Three Landscaping Mistakes To Avoid Near A Drain Field

Posted on: 7 April 2017

The drain field is an integral part of your home's septic system, but it is also a large swath of your property. Even though its main purpose is to ensure your septic runs properly, you will still want to integrate it into your landscaping. The key is to avoid the following mistakes when making landscaping decisions near the drain field.

#1: Choosing deeply rooted plants

Trees and shrubs aren't an option over a drain field. These plants put down deep roots that will invade the septic system or compact the soil so that the drain field can't do its job. Instead, opt for shallow-rooted perennials or annual flowers. A grass lawn works well, as does an annual display of native wildflowers. Ground covers with shallow roots, like carpet bugle or blue star creeper, also work well and can thrive in a shady drain field. You should also avoid growing any edible plants due to contamination concerns – the drain field is not the place to put your vegetable garden.

#2: Growing heavy maintenance plants

Plants that require a lot of maintenance also aren't suited to the drain field, since the more you operate heavy equipment on the site the greater the chances of causing some damage. Generally, it's okay to mow the lawn with a push mower or a lightweight riding mower, although you will want to check with your septic professionals. Wildflowers and groundcovers work even better, since these rarely require mowing except perhaps to clean them up at the end of the season. Also, avoid planting anything that requires a lot of soil work, such as adding amendments or tilling, since these can cause major damage to the field.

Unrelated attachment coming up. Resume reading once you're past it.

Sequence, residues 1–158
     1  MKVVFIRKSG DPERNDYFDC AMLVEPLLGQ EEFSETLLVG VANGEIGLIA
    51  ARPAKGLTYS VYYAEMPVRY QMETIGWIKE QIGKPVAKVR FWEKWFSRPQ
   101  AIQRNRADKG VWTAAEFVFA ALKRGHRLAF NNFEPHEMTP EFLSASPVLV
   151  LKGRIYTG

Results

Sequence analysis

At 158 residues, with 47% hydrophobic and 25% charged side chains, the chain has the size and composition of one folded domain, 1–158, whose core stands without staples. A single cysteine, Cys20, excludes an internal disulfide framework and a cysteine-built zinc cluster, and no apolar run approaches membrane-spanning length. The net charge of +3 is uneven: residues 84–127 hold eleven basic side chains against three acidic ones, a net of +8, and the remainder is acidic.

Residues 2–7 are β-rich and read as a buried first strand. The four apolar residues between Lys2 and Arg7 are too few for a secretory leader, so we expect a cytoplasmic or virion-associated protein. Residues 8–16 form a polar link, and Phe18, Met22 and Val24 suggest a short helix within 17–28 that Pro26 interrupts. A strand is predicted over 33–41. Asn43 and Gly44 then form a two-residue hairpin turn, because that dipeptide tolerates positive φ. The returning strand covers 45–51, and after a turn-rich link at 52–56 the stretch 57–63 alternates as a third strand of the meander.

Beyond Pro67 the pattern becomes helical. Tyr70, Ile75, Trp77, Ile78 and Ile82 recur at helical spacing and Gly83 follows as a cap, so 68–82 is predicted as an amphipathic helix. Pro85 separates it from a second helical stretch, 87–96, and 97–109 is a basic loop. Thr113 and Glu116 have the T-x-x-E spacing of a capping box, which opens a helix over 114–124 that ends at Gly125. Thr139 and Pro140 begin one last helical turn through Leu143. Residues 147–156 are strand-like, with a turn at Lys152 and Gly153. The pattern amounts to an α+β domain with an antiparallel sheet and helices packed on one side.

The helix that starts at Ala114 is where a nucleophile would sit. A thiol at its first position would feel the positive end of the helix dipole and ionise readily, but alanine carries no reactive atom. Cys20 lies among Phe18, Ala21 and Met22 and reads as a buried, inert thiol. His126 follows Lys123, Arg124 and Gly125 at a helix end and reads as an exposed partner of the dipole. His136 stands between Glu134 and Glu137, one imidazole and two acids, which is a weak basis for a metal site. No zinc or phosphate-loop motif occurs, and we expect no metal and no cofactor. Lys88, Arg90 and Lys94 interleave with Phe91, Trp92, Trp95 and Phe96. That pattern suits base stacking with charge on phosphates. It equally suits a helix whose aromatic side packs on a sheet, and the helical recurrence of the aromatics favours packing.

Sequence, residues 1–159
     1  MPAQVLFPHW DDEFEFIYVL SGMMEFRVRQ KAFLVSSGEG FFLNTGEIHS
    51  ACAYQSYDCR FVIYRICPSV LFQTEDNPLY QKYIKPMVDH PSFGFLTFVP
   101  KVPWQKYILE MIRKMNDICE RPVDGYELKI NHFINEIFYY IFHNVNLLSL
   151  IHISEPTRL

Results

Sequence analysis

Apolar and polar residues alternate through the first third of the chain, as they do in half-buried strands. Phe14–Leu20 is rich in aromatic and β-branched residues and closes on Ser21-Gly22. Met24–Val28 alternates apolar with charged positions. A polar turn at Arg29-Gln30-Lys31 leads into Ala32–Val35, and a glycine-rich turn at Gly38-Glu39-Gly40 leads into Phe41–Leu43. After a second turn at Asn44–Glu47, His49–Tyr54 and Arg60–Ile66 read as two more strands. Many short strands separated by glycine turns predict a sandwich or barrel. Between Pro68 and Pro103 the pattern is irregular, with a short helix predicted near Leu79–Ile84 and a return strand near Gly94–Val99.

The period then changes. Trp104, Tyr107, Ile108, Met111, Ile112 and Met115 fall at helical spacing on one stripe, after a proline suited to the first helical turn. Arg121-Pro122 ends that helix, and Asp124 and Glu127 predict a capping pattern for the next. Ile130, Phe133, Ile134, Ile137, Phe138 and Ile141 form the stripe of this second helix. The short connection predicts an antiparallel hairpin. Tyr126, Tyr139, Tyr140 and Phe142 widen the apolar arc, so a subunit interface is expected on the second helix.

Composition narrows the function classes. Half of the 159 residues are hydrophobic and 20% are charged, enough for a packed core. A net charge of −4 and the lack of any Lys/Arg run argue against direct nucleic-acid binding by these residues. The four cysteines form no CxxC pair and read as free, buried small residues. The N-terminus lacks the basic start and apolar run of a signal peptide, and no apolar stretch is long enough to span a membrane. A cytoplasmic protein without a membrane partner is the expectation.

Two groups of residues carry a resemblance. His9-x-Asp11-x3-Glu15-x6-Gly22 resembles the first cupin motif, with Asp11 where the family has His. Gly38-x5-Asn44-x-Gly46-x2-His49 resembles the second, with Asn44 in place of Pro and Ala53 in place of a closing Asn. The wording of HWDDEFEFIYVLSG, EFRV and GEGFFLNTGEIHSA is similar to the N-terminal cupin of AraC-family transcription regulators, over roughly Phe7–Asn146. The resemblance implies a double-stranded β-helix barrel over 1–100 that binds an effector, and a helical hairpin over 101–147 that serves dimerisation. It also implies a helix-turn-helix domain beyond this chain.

#3: Installing hardscaping

Hardscaping refers to everything that isn't a plant – walls, decorative rocks, lawn ornaments, garden structures, or walkways, for example. You can border a drain field in hardscaping, but you don't want to install any hardscaping on the drain field. Garden ornaments and structures, for example, put unnecessary weight on the field, can cause soil compaction, and inhibit proper drainage and soil aeration. A walkway or path, even if made from lightweight materials, can cause an aisle of compaction over the drain field since foot traffic won't be spread out. Stick to shallow-rooted plants for all the landscaping over a drain field.

For more help with landscaping dos and don'ts, contact a drain field contractor in your area, such as those at Clogbusters.